Two of Earth's most colourful upper atmospheric phenomena, aurora and airglow, met in this stunning photograph shared by NASA. Taken by an astronaut on the International Space Station, the photograph shows the easily-recognisable green of aurora borealis intersecting with the wispy, golden-ish band of airglow above the Earth.
"Aurora, meet airglow," wrote the US space agency while sharing the spectacular image on Instagram a few hours ago. Describing them as two of Earth's most colourful upper atmospheric phenomena, NASA wrote: "Aurora and airglow met just before dawn in this March 16 photo shot by an astronaut on the International Space Station."
The photo was taken as the ISS passed south of the Alaskan Peninsula. Below the aurora and airglow, sparkling lights from British Columbia and Alberta, Canada, dotted the skyscape, as stars lit up the early morning sky above.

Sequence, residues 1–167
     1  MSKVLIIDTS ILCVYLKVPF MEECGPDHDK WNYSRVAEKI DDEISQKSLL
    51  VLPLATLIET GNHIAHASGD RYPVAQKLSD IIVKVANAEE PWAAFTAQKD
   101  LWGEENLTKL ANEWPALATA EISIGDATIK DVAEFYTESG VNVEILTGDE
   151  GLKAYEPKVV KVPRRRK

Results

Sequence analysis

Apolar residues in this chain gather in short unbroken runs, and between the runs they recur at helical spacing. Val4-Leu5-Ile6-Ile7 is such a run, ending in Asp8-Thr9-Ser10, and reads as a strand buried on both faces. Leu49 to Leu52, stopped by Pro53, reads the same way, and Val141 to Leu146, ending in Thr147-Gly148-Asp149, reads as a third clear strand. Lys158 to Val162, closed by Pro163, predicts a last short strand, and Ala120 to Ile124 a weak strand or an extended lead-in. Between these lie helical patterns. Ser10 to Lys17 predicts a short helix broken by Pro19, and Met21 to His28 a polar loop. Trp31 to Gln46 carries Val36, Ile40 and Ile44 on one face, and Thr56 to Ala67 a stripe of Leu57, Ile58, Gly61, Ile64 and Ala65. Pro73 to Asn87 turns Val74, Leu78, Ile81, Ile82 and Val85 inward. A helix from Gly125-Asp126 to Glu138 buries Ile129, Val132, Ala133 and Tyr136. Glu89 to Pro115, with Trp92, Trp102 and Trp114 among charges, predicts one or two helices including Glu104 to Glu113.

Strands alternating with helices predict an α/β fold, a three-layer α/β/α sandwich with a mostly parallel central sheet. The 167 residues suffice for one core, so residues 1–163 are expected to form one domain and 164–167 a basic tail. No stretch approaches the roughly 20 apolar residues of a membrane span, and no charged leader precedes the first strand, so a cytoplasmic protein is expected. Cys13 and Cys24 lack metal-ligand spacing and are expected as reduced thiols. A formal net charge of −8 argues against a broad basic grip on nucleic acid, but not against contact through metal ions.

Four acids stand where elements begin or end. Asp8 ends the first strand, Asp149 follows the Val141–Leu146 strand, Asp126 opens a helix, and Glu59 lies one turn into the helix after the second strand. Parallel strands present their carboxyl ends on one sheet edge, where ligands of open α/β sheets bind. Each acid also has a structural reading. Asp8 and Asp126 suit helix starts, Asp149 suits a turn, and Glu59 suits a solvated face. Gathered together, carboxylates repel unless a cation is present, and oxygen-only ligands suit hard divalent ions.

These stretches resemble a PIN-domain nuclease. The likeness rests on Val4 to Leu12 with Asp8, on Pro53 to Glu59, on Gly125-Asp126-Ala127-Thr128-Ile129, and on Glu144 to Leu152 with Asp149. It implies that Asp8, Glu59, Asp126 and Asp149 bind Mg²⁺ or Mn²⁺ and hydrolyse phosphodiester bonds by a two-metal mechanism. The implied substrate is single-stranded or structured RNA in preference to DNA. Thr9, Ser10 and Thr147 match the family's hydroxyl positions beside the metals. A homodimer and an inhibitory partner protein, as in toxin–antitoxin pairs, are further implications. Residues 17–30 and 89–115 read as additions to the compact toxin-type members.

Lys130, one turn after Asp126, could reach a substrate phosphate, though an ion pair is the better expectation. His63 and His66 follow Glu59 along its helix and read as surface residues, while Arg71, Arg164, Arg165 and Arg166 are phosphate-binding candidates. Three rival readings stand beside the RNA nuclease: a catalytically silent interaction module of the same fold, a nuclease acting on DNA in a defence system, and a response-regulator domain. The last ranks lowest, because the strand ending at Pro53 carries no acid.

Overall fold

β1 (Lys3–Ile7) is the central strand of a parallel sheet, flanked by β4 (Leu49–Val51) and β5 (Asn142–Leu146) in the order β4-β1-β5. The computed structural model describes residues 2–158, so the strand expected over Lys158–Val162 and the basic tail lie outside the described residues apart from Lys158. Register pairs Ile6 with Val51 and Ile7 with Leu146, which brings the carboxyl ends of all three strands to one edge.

"Wavy green, red-topped wisps of aurora borealis appear to intersect the muted red-yellow band of airglow as the ISS passed just south of the Alaskan Peninsula," the agency wrote.
NASA further explained that though they appear similar, aurora and airglow are formed by different processes. While auroras stem from interactions between solar energy and Earth's magnetic field, airglows are "the emission of light from chemical interactions between oxygen, nitrogen, and other molecules in the upper atmosphere."